During this time, Eagle was owned by the family Branickis. In 1795. as a result of the efforts of Isabella Branicka, orlańscy Jews received tax breaks. In the same year under the treaties subdivision, Podlasie coincided with Prussia. Dissection of the Republic changed your relationship and was the cause of the sharp drop in the population. In 1799r. Orla had 486 residents, including 102 Jews.

In 1807. under the Treaty of Tilsit Orla was incorporated into the so-called. Bialystok circuit. During this time, the town has a population of 1586 inhabitants in the 1102 Orthodox Jews. In 1842. was included in the Government of Grodno, then became the property of Prince Wittgenstejna- husband of Princess Radziwill. In 1874. Wittgenstejn sold lands Orlański Orli residents and the surrounding countryside on the property. Then the Eagle lost its municipal rights, and along with this there was a setback in its development. In 1897. the number of inhabitants was about 3 thousand. of which the followers of Moses was 80%. In 1921. was in the district of the province of Bialystok Bielsko. In this period of cohabitation Orthodox community, Catholic, Jewish and starozakonnej układało in Orla correctly. Attend to common schools, created political organizations, have brought social activists and party. In the interwar period, the municipality of Communist Party of Western Belarus, Belarusian Peasants ‘and Workers’ Union Jewish community formed in Orla small industry, trade and services. There were three tile factory, which was owned by a Jewish family Wajsztejnów. Place of employment in kaflarniach were several hundred people from Orla and the surrounding countryside.

In 1937. Orla was destroyed in the range of about 30% of the buildings by fires started by the Jewish inhabitant. As a result of huge losses, many families have lost their place of residence and occupation. In 1939,. Began World War II. Orleans passed by Soviet troops and German. Residents affected by the tragic events. Inside Orli and ordered the resettlement area. The Jewish population was placed in two ghettos and then completely removed from the orlańskiego landscape. In the postwar period Orla village community had about 1,100 inhabitants. Most of them were engaged in farm work, some found employment in a few factories, such as tile factory, brickyard, concrete.

Currently, Orla Municipality is located in the south-eastern part of the region of Podlasie. It borders the municipalities of: Bielsk Podlaski, Dubicze Cerkiewne, Boćki and Czyz. Distance seat of the municipality of the district ie. The city Bielsk Podlaski is 12 km. The area municipalities run routes, the national road to the border of the state, provincial road to Białowieża and numerous county and municipal roads. Rivers flow; Orlanka and proteins. The total area of the municipality is 15 968 ha of agricultural land in the 12 789 ha and 1862 ha of forests. The commune consists of 22 villages, which are home to a total of 3 214 inhabitants (as of 31.12.2010.).

Wnętrze synagogi w Orli

(fot. M. Gołownia)

      

  

Andrew Denton and I Share Common Roots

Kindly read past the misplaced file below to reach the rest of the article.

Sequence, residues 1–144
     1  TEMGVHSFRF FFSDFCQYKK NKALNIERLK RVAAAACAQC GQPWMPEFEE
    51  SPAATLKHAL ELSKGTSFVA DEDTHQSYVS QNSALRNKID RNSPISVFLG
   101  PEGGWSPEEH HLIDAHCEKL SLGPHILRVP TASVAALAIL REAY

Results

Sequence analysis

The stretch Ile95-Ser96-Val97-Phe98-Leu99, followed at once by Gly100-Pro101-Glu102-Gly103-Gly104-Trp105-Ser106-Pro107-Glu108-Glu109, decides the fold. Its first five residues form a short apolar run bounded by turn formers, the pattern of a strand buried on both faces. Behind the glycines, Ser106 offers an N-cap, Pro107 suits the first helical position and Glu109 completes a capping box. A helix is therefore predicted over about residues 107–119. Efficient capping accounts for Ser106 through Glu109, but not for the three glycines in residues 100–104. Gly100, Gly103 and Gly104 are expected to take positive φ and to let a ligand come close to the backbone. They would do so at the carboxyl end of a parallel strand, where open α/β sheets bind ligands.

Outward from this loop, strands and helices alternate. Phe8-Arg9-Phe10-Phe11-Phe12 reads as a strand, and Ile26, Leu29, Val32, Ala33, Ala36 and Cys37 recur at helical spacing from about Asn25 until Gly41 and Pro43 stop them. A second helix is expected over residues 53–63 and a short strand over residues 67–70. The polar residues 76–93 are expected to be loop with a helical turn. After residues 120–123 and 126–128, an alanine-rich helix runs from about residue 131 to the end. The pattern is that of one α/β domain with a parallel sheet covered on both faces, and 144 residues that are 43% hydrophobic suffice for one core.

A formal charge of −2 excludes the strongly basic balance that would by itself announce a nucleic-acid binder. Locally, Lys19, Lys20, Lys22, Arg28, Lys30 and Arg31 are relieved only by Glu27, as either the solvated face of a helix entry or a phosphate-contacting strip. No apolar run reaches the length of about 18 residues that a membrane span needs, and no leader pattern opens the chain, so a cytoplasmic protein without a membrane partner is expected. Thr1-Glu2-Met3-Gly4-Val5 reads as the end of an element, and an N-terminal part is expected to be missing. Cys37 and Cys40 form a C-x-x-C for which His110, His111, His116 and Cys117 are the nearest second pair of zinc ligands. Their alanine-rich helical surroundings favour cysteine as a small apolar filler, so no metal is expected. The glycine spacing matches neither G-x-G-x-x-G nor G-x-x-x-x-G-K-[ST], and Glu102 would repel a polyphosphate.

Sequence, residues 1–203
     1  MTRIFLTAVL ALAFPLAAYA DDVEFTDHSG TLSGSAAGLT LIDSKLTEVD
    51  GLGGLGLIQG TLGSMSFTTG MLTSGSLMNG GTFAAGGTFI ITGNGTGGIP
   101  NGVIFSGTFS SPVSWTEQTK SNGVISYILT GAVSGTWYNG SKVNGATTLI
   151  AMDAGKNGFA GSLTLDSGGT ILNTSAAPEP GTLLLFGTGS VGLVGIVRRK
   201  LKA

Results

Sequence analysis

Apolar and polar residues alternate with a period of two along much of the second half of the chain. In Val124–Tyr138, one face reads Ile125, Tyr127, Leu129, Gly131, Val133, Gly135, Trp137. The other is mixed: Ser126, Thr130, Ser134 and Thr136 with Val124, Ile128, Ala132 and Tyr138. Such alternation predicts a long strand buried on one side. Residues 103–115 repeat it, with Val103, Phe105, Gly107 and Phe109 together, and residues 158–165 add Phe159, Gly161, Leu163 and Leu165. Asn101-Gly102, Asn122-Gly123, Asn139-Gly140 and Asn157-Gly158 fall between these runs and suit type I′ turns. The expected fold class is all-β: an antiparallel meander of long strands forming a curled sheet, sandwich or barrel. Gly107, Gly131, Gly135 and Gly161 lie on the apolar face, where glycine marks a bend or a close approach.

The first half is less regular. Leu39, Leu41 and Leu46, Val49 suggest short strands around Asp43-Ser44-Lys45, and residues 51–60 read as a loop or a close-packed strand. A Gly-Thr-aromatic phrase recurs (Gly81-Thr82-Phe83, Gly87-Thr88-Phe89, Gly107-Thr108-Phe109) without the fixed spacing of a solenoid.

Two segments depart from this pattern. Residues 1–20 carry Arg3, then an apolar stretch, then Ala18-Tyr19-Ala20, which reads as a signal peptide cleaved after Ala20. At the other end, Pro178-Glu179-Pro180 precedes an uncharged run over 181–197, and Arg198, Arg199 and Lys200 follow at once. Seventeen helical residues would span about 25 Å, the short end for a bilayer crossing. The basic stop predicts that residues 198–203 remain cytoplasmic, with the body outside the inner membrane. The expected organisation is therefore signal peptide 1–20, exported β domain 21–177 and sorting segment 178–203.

Andrew Denton discovers that he is part of the illustrious Katzenellenbogen Rabbinic Family Tree.

So we are connected!

He discovers this in Episode 1  Series 6 of Who Do You Think You Are Australia.

http://www.sbs.com.au/ondemand/program/10?gclid=CjwKEAjwre6dBRC94d-Gma7g3wcSJACNatZedFxoCLkfbRNyTWh3wQKp_Kl9yCQjIdWIE4FnPjRNsBoCqqHw_wcB?__federated=1

 

My connection to my 12th great grandfather, Saul Wahl Katzenellenbogen, King of Poland for a day:

Relationship Chart Eli Moses Rabinowitz:Shaul Wahl  Katzenellenbogen
For more visit:
From my zaida’s shtetl of Orla to Suchowola, Andrew’s shtetl, both in the Grodno Guberna:
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To learn more on Shaul Wahl Katzenellenbogen, Brest and Yizkor Books visit:
and
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My visit to Grodno in 2012:

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With Tamara Vershitskaya, who has been on several episodes of Who Do You Think You Are and Tatiana, director of the Grodno Archives, who appears on Andrew’s episode.
Treblinka:
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Genealogy and Religion

Rabbi uses Genealogy in his Shabbat Drosha.

Rabbi Liebenberg of the Claremont Synagogue, Cape Town, South Africa, has used our Rabinowitz family genealogy and specifically my grandfather, as the theme of his Claremont Wynberg Good Shabbos Drosha.

 

My grandfather, Rev Nachum Mendel Rabinowitz, was born in Orla, near Bialystok in Poland in 1887. Orla was part of the Grodno Guberna. Records of Orla can be found in the archives in Grodno, Belarus.

 

Nachum Mendel moved to South Africa from Palestine in 1911 and became a leading religious figure in Cape Town. He was known for his many roles at the Constitution St and Vredehoek shuls and also was the secretary of the Bikkur Cholim for 42 years. Records and articles about Nachum Mendel can be found at the National, Gitlin and Kaplan Libraries in Cape Town. 

 

To read the Rabbi’s inspiring Drosha, go to:

 

https://www.dropbox.com/sh/iikys4ey50o7nu6/Nfs5nCXfNf

or click on three images below

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To read more about Orla, visit our kehilalink:

 

http://kehilalinks.jewishgen.org/orla

 

Thanks

 

Eli Rabinowitz
Perth, Australia